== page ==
Constipation: Undigested food remaining in the intestine causes constipation, leading to a feeling of fullness and tightness in the stomach. It is followed by pain, gas, and abdominal discomfort. Constipation results from having less fiber in the diet and not having enough fluids or physical activity. Stress may also lead to constipation.
Food allergies, intolerances, and sensitivities: These are common reasons for bloating and distention in the abdomen. Many dairy products, gluten-containing foods, and some carbohydrates are the usual culprits. Foods like shellfish, eggs, and nuts also cause allergies.
SIBO: Dysbacteriosis, or the removal of the normal bacterial population from the intestine due to inflammation, infection, or a course of antibiotics, enables abnormal bacteria to establish themselves in the intestine. This affects digestion and the absorption of nutrients from the intestine. Certain foods may also lead to SIBO, causing bloat and distention.
Infection: Infection leads to inflammation and other associated symptoms like fever, swollen lymph nodes, and pain. Infection of the gastrointestinal tract results in abdominal pain and gas buildup.
Bowel obstruction: A tumor or scar tissue in the stomach may block the lumen of the bowel. It may also lead to the retention of fluid and stool in the intestine. Severe pain and bloating are the most common symptoms of bowel obstruction.
Hormonal changes: Changes in hormone levels increase the risk of constipation and fluid retention, which lead to bloating and pain in the abdomen. This is a regular occurrence during the menstrual cycle in women and is not a cause for concern unless accompanied by other symptoms like severe cramping and irregular periods. Many women may experience bloating during different stages of menstruation.
Cancer: This is a rare cause of bloating. In most cases, cancer is suspected only when bloating persists and does not resolve with conventional treatments.
Foods that can lead to bloating include sugary sweets or snacks, many dairy products, refined grains, difficult-to-digest foods, carbonated drinks, and artificial sweeteners.
3 Diagnosis and Treatment
Physical examination and medical history are important in diagnosing the underlying cause of bloating. Once the probable cause is determined, other tests are suggested for confirmation.
These tests include complete blood count, celiac serology, upper endoscopy, and duodenal biopsies. Those experiencing nausea, vomiting, and bloating may be asked to take a scan of the small intestine, while those dealing with diarrhea may have to undergo a colonoscopy or stool studies.
Imaging studies are mostly used in the diagnosis of bowel obstruction and bacterial overgrowth. There is no common treatment plan for all patients with bloating; the treatment is individualized based on the underlying cause.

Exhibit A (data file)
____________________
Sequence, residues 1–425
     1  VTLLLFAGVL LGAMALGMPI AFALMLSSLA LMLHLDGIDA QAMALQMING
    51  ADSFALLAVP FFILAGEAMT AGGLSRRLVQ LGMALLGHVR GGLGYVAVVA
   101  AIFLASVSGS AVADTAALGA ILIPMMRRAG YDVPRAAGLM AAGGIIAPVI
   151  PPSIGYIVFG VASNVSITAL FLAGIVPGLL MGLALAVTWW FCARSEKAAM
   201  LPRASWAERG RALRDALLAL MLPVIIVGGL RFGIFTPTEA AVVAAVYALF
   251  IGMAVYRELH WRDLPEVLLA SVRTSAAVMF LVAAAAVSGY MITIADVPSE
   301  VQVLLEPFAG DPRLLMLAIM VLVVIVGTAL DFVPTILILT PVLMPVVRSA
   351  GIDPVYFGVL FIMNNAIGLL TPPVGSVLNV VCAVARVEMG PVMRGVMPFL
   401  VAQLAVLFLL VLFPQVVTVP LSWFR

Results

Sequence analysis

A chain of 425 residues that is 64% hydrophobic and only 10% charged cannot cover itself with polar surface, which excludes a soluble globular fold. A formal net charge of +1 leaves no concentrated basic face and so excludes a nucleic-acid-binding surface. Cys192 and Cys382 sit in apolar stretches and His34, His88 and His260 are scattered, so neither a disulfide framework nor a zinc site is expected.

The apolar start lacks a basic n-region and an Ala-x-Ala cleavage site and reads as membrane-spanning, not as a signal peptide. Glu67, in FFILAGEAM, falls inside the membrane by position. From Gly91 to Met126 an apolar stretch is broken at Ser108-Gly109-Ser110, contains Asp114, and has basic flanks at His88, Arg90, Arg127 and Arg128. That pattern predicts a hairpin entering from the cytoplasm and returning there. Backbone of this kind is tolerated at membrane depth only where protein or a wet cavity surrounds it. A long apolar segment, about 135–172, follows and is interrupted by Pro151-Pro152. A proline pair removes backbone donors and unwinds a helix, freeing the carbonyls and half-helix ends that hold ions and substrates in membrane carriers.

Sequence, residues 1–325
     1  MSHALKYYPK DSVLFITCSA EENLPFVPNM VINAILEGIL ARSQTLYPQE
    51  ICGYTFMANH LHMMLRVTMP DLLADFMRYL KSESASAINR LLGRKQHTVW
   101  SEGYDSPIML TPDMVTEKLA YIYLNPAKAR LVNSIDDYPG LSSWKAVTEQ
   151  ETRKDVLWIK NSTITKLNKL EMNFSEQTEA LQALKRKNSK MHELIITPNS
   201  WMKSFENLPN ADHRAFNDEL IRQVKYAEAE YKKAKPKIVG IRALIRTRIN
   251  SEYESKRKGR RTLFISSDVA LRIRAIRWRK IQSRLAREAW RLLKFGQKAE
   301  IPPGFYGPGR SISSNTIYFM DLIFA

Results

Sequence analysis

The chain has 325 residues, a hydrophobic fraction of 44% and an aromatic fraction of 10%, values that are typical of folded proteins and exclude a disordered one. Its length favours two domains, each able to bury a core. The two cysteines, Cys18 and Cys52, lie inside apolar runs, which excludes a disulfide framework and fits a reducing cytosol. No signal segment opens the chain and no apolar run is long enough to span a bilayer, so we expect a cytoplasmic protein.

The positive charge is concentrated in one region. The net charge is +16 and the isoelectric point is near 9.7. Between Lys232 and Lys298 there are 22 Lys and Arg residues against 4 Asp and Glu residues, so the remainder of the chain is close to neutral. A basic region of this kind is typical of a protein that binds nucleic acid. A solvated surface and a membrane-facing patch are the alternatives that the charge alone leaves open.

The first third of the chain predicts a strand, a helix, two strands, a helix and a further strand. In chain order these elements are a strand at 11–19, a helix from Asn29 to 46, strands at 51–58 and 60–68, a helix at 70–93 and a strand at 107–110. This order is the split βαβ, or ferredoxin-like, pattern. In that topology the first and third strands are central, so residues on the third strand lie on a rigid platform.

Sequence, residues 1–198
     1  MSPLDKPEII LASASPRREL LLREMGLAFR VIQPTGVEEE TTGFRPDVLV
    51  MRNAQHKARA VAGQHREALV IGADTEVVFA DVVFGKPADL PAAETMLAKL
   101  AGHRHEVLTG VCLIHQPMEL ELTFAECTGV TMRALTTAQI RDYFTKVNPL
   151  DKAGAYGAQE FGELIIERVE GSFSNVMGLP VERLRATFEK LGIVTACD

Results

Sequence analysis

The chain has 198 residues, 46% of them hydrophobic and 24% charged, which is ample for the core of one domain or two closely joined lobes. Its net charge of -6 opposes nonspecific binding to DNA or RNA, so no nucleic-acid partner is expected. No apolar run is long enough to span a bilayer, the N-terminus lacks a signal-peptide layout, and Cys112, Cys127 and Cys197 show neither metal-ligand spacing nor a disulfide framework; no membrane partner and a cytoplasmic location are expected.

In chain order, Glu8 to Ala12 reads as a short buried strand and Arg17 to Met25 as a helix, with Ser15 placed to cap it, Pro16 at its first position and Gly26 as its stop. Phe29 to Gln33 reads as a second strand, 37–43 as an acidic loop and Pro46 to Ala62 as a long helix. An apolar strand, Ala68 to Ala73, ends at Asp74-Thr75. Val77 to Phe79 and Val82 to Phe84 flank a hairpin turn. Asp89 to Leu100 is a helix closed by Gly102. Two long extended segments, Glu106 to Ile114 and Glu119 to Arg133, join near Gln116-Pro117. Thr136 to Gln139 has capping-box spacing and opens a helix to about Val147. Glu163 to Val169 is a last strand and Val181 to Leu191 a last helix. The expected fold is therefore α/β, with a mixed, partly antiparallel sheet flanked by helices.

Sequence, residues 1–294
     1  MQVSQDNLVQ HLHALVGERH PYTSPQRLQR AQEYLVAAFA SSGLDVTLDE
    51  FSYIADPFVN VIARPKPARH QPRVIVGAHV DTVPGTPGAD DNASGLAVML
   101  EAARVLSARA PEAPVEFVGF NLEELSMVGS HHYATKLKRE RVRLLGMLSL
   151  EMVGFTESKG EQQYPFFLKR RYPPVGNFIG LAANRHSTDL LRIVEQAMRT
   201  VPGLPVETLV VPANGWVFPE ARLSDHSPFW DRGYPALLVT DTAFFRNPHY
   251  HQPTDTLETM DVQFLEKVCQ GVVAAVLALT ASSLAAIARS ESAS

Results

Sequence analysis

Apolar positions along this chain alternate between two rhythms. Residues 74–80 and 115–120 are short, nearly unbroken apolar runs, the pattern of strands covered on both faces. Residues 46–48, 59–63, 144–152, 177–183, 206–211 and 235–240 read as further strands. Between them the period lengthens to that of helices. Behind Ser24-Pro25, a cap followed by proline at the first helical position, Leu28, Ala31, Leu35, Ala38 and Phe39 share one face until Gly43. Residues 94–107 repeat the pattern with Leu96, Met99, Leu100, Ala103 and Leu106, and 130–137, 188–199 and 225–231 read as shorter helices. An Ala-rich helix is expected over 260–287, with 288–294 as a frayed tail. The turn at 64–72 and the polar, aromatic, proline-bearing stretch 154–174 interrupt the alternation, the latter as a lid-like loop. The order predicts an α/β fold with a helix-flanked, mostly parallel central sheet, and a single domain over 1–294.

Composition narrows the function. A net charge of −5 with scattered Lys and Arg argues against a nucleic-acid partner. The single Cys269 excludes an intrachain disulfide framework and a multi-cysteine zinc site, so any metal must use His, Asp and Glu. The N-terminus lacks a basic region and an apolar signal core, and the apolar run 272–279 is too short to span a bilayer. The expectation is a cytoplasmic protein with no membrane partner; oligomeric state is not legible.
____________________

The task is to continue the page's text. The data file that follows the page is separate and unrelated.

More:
The most common treatment methods are:
Diet: An elimination diet consisting of only a few food groups are recommended for some patients. Once the body is used to it, other groups are gradually added back. This helps analyze the foods that improve symptoms. For other patients, the doctor may recommend removing one offending food from the diet. This also helps identify the causative food.
Exercise and posture: Physical exercise helps clear the abdomen of gas and reduce bloating. Retention of gas occurs more in the supine position, so patients are advised to stay in an upright position after eating.
Over-the-counter medications: A number of medications are now available to help clear gas and flatulence.
Probiotics: Probiotics are thought to confer health benefits by adding beneficial bacteria in the abdomen.
Antibiotics: Rifaximin is a commonly recommended antibiotic for the treatment of bloating. This was found to improve the symptoms in patients with IBS.
Tricyclic antidepressants: These prescription medications are used to treat abdominal pain mostly associated with functional dyspepsia.
Osmotic laxatives: These medications are usually recommended for treating constipation. Osmotic laxatives were found to improve symptoms of bloating.
Prokinetic agents: Prokinetic agents are commonly suggested in the treatment of pseudo-obstruction in the colon. These medications were found to be useful in improving clearance of gas in these patients.
Simple lifestyle modifications are important to control bloating. Chewing gum is a common cause of swallowing air and thus a buildup of wind in the abdomen.
Limiting the intake of carbonated beverages and chewing gum helps reduce bloat. Foods that cause gas should also be avoided. Maintaining optimum body weight by having a healthy, balanced diet and regular exercise will also help control this symptom.